As almost everyone is aware at this point, some person or group, for some unknown reason, exploded two bombs at the finish line of the Boston Marathon yesterday, killing three people and injuring over 140 more. Thankfully, no one in our family or close community was involved, though our hearts go out to those who were.
Like many parents last night, my wife and I decided that we needed to proactively discuss the events with our four children, ages 4, 6, 9 and 12. Not surprisingly, in an era of text messages, ubiquitous internet access and 24-hour news coverage, our two older children were already aware of the general outline of the events by the time we reached the dinner table, not 4 hours after the explosions took place. They were predictably afraid and confused, and their feelings of vulnerability were accentuated by the fact that we live in the Boston area, about 30 minutes drive from Copley Square. As much as we wanted to keep the kids in their innocence bubble, playing legos and knee hockey without a care in the world, we decided that an honest, direct and positive approach was best.
First, like any parent acting on instinct, we tried to make them feel safe. We reiterated that even though this had happened in Boston, our small town just outside the city is safe and that Mommy and Daddy would do our best to protect them. As we were discussing it, my six-year old boy climbed up onto my wife’s lap for an extra dose of that love and protection. Cruelly, I was reminded of the 8-year old boy who died earlier that day and how a hug couldn’t have actually protected him physically. My heart went out to his parents and the sense of desperation, sorrow and helplessness they must be feeling. I know they would give anything for the opportunity to give their boy that hug.
Second, we tried to help them understand why people do things like this, even though we don’t completely understand it ourselves. We explained that there are people in the world who are jealous of the wealth and freedom in America or who feel that America is inappropriately meddling in their affairs. We explained that even within this country there are people who disagree with the way things are and who are crazy enough to take their grievances outside of the normal public discourse.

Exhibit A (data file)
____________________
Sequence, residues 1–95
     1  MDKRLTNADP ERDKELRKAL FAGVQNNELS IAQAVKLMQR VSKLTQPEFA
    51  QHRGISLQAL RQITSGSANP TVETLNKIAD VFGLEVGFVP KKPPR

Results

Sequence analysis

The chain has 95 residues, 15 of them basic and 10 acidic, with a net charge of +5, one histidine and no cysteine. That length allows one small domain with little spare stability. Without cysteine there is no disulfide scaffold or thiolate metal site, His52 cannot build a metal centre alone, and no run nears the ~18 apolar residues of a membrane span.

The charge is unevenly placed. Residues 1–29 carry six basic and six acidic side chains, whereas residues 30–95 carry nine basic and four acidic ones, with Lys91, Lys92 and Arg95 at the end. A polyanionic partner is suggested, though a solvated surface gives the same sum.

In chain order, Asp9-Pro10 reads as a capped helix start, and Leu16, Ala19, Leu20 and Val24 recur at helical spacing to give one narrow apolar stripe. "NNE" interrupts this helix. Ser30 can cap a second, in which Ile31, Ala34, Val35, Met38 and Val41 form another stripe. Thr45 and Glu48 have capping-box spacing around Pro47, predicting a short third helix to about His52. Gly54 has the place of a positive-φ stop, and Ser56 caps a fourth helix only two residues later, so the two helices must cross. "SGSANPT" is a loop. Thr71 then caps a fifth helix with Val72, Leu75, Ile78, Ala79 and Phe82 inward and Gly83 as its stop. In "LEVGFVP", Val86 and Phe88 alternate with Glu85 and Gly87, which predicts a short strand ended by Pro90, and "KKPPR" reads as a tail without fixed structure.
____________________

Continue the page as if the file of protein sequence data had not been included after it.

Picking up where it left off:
Third, we tried to give our children perspective by reminding them that, as middle-class American kids living in a cosmopolitan metro area, they are incredibly fortunate and safe relative to kids in places like Iraq, Afganistan, Lebanon or any number of other countries or regions. This might seem like an overly rational or theoretical argument for a pre-teen child but we felt that kids are more capable of comprehension than we give them credit for and that even if they didn’t fully appreciate the point, it is worthwhile for them to appreciate their good fortune relative to the majority of the world.
Finally, we reminded them of the inherent goodness in most people in the world. We reminded them that even though this event happened very near to us, the people in Copley Square that day were there to challenge themselves and to celebrate that challenge and healthy competition together as a community. And we told them about how, in the seconds after the explosions, the policemen, firemen, paramedics and other first-responders on the scene were literally rushing AT the fire and smoke in an effort to help the victims, with little thought for their own safety. True heroes.
A message to the person or people who committed this or any other act of terror: you can pop our innocence bubble but we, and our kids, will emerge stronger, with more perspective and more inspiration than ever to pursue our lives, our liberty and our happiness.